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EU Warns Albania Against Electing ‘Partisan’ Media Authority Chief

Albania PM Edi Rama speaking in parliament on December 18, 2019, when Socialists voted the “anti-defamation” package. Photo: LSA

As the Socialist-controlled parliament readies to elect a close ally of the PM as head of the Audio-visual Media Authority, the EU office in Tirana has expressed concern, saying the institution must be seen as impartial.

The European Union office in Tirana has voiced concern about the political impartiality of the new members and chief of Albania’s main media regulatory body.

In a statement, it emphasized that “media regulatory authorities need to work impartially, transparently and with a legitimacy that is recognised by all”, and that “no doubt should exist about the non-partisan, professional & pluralistic nature of the work” of the institution.

“We invite the authorities to consider proceeding with this nomination under the new parliament starting in September, together with the appointment of the other board members of the Authority, in order to achieve the widest possible consensus and legitimacy,” the statement published on Twitter reads.

Albania’s parliament, currently controlled by the governing Socialists and their associates, is planning to elect a new Audiovisual Media Authority Board, AMA, where the main contender is Armela Krasniqi, a close associate of Socialist Prime Minister Edi Rama.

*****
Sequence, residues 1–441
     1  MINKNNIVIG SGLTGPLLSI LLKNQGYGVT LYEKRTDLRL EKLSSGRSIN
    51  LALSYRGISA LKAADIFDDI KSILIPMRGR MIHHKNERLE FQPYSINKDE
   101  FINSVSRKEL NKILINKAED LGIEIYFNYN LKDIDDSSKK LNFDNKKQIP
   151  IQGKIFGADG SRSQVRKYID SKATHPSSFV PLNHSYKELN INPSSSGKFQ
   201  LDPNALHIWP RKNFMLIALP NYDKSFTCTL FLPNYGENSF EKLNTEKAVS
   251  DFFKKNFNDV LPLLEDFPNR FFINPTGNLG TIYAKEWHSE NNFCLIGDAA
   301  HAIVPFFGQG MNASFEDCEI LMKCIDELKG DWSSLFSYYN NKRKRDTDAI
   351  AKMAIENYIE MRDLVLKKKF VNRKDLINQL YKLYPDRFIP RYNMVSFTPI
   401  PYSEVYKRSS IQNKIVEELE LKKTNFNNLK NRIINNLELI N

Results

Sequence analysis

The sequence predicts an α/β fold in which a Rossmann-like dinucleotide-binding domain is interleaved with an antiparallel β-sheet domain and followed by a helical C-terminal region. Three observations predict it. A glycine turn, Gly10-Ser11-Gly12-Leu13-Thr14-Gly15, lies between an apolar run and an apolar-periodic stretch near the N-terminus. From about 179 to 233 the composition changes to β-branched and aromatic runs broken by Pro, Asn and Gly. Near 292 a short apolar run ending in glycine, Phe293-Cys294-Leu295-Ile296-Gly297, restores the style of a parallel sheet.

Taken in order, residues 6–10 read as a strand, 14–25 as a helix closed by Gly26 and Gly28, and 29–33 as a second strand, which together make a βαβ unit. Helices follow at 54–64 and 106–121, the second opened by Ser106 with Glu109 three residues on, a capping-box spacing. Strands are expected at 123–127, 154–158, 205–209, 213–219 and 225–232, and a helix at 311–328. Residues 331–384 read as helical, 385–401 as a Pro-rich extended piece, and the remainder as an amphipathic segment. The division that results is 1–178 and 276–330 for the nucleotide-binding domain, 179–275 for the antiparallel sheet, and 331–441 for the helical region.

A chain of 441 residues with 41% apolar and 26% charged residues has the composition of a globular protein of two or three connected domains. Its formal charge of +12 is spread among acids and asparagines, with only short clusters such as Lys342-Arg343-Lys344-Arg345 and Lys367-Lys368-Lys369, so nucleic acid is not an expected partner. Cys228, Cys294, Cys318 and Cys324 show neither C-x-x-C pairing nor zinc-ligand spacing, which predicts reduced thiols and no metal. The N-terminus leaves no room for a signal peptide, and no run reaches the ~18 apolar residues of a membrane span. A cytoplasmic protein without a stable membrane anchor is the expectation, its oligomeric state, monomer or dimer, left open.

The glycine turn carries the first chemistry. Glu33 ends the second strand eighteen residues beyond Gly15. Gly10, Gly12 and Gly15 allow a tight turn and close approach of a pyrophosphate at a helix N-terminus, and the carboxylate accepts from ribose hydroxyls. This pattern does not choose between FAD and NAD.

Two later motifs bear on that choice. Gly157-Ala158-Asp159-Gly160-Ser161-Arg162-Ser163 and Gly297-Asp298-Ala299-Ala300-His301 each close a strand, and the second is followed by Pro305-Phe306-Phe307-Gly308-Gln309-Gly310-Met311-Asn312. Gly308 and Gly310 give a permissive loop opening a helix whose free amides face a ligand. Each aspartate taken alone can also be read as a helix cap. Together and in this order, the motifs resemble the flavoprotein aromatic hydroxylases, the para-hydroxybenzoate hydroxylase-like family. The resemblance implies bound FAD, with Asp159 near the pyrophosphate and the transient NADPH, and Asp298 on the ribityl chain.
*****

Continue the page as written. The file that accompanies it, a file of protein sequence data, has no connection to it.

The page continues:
BIRN has learned that the EU statement on Wednesday came after the Socialists spurned an EU private request to postpone the vote.

The AMA supervises the television and radio market in Albania. Rama attempted in 2019 to extend and empower it to supervise and order take-downs or fine online media, claiming it was needed to combat defamation.

The AMA is historically perceived as politically biased, as the members of the board are proposed by political parties. However, the possible election of Krasniqi, a known close associate of the Prime Minister, has raised hackles.

The political bias of AMA was one of the arguments provided by the Venice Commission against extending its power to supervise online media.

The so-called anti-defamation package was approved by the governing Socialists despite local and international criticism but has been blocked by President Ilir Meta’s veto.

Rama once claimed he had withdrawn the law proposal. However, no formal step to remove it from the parliamentary agenda has been undertaken, and the law is still listed as up for discussion.

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